Results from Eswatini’s first-ever interventional randomized clinical trial, just released, reveal no substantial difference in HIV risk for women using one of three highly effective, reversible methods of contraception.
Eswatini’s participation in the multi-country ECHO (Evidence for Contraceptive options and HIV Outcomes) Trial marks a major milestone in the kingdom’s health research infrastructure development while offering critical insight into a longstanding question about the relationship between hormonal contraceptive use and the risk of HIV acquisition.
The ECHO Trial, which was conducted by partners at 12 sites across Eswatini, Kenya, South Africa, and Zambia—and which was supported by ICAP in Eswatini—did not find any difference in HIV risk across the three methods of contraception: intramuscular depot medroxyprogesterone acetate (DMPA-IM), the levonorgestrel (LNG) implant, and the copper intrauterine device (IUD).
However, the study did reveal a significantly high HIV incidence—3.8 percent—among study participants across all four countries, underscoring the need for more effective approaches to HIV prevention.
Results were announced on June 13, 2019, in a special session at the Ninth South Africa AIDS Conference in Durban and simultaneously published in The Lancet. Data from the ECHO Trial will inform World Health Organization (WHO) guidelines on contraceptive eligibility for women at high risk of HIV.
In Eswatini, ICAP at Columbia University and the Family Life Association of Eswatini (FLAS) collaborated with the Ministry of Health on implementation, enrolling 502 of the 7,829 total women who participated across all four countries.
“ICAP has supported HIV/AIDS service programs and research in Eswatini for over a decade, with a significant focus on PEPFAR-supported scale-up of antiretroviral treatment, as well as surveys to measure the impact of scale-up,” said Jessica Justman, MD, ICAP’s senior technical director. “These prior experiences, coupled with FLAS’s and the Ministry of Health’s commitment to excellence and ICAP’s deep knowledge of clinical trial implementation, all contributed to the successful conduct of the ECHO trial in Eswatini.”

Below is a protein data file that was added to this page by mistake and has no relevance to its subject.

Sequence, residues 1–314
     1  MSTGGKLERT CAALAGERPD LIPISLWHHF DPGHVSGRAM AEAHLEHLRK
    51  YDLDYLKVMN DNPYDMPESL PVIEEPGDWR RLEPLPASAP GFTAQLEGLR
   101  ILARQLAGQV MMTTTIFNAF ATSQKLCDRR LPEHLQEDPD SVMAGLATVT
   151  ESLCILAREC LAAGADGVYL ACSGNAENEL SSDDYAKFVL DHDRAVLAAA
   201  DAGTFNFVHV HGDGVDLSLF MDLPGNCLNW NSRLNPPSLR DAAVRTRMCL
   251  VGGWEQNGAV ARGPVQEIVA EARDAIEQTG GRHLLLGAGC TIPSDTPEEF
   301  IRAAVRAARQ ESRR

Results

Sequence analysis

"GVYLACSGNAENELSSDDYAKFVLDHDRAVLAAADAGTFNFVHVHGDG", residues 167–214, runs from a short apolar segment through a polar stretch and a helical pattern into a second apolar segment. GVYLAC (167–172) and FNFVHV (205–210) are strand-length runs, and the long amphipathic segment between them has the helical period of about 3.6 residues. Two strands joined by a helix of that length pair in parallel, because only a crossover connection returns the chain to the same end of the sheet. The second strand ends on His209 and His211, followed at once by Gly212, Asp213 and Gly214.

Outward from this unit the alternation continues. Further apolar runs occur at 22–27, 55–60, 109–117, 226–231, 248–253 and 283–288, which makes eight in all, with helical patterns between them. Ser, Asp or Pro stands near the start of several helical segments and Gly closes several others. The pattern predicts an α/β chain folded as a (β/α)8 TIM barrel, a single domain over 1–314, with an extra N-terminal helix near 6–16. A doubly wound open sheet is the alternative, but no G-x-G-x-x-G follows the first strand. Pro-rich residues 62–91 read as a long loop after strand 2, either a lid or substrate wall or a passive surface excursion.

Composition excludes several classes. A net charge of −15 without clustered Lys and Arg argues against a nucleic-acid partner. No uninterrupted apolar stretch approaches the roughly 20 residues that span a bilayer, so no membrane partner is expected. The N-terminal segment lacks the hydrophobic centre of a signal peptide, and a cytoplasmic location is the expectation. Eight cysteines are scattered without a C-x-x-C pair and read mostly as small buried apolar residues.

Funding for the ECHO Trial was provided by a group of donors including the Bill & Melinda Gates Foundation, and carried out by a consortium led by FHI 360, the University of Washington, Wits Reproductive Health and HIV Institute, and the Human Reproduction Program at the WHO.
“The ECHO team in Eswatini is proud to contribute to the development and continual improvement of the WHO’s evidence-based recommendations for clinical practice,” said Ruben Sahabo, MD, country director for ICAP in Eswatini. “Especially in a high-prevalence country like Eswatini, where our adult HIV prevalence is nearly one in three, equipping clinicians with the best, most up-to-date information helps empower women to make the best decisions for themselves and their families.”
Watch the recorded livestream of the ECHO results presentation at the South Africa AIDS Conference in Durban
Read the media release on the ECHO website
Read the Lancet media release on EurekAlerts!
Read the results published in The Lancet
Read coverage in the New York Times, the Guardian, Independent Online (South Africa), and Contagion Live
About ICAP at Columbia University
A global health leader since 2003, ICAP was founded at Columbia University with one overarching goal: to improve the health of families and communities. Together with its partners—ministries of health, large multilaterals, health care providers, and patients—ICAP strives for a world where health is available to all. To date, ICAP has addressed major public health challenges and the needs of local health systems through 6,000 sites across more than 30 countries. For more information about ICAP, visit: icap.columbia.edu
Established in 1979, the Family Life Association of Eswatini (FLAS) is a not-for-profit voluntary organization and a full member of the International Planned Parenthood Federation (IPPF). For a long time, FLAS activities were limited to family planning. However, following the International Conference on Population and Development in 1994 (Cairo), FLAS widened the scope of services offered to integrate various components of Sexual and Reproductive Health (SRH) and HIV, in addition to family planning. The primary target of FLAS services are youth aged 10–24, while adults and those below 10 become a secondary target. FLAS provides SRH clinical services in two clinics located in the two main cities of the country but also provides services through mobile outreach to hard-to-reach areas, targeting vulnerable and marginalized populations.